What You Need to Know About Gender Inequality in Sports Coverage

What You Need to Know About Gender Inequality in Sports Coverage

When I think of the phrase America’s favorite pastime, I think of two things: sports and television. But apparently the two only go together when it’s a man’s game—studies show that women’s sporting events only get about 3% of sport coverage. This isn’t because there aren’t very many women’s sports events; USA Today reported Only 1.6% of women’s sporting events were broadcast in 2008. And the US Women’s World Cup opener set viewing records, so obviously this small percentage of coverage isn’t because no one’s interested. Not only is attention to women’s sports growing, but the viewer numbers are also surpassing that of the male games of the same kind. This growth would normally make you think that reporting on women’s sports has grown with the interest, because that’s the basic rules of supply and demand. However, a longitudinal study showed that 25 years ago, there was more women’s sports coverage than there is now.

When I went to ESPN’s webpage while writing this article, I had to scroll four pages down to see one article about women’s sports. The only headlining story on Fox Sports about women is about Serena Williams onstage at a Taylor Swift performance. Women in sports are sexualized when they are visible on social media, too. The lack of visibility and the way in which they are portrayed in the media affects these women professionally; women athletes receive fewer endorsement advertising gigs than men in sports like Michael Phelps or Payton Manning. It seems like even when they’re winning, they can’t win.

Women already face challenges getting involved in sports in the first place. From the get-go, young girls interested in sports are socialized to think they won’t do things as well because they’re girls—just look at the proof in this campaign from Dove. In the UK, reports have shown that girls as young as seven years old are worrying about being considered inferior in sports and express self-consciousness about their bodies. With phrases like “throwing like a girl” being colloquially known to imply inability, it’s no surprise little ones are self-conscious about their skills.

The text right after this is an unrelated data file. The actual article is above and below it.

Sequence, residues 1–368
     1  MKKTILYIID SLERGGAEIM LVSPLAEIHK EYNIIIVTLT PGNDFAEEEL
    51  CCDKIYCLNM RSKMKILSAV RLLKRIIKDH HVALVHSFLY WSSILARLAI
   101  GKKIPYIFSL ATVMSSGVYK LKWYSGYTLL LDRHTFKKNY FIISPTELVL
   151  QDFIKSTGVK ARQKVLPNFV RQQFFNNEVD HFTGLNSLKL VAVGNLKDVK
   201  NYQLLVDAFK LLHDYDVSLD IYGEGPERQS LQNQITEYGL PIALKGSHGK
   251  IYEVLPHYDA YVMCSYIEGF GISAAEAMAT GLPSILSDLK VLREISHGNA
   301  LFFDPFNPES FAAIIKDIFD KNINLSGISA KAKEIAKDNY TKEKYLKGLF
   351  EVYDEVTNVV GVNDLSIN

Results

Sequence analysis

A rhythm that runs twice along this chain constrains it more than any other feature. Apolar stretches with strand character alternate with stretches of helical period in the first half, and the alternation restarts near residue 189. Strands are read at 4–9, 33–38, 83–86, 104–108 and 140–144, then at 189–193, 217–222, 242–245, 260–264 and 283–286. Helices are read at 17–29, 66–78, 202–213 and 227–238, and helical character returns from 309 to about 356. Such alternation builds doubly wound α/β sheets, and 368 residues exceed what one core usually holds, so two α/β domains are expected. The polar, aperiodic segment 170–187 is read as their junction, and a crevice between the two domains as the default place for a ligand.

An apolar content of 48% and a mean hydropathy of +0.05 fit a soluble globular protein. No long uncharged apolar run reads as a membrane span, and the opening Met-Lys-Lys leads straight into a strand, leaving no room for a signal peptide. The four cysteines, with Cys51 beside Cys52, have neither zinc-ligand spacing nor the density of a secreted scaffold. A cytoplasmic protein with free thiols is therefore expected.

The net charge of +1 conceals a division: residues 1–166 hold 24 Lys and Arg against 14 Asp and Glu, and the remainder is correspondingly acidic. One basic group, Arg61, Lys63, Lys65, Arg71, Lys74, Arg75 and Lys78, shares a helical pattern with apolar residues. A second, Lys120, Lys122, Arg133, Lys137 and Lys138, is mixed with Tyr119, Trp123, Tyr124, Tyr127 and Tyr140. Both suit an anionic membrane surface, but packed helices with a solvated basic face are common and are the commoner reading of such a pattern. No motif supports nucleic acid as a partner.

However, it gets no easier when you get older and better at a sport. Just look at Caster Semenya, who after winning the 800 meter at the World Championships in 2009 was constantly critiqued for her incredible abilities and was eventually forced to go through public medical tests. There have been arguments over why she was subjected to these tests, but the point that her skill was what brought the unwanted attention is the interesting part. As Katie Barnes put it, “To be good is to rouse suspicion because we believe that women shouldn’t be able to compete at that level.”

Cover image courtesy of Shutterstock.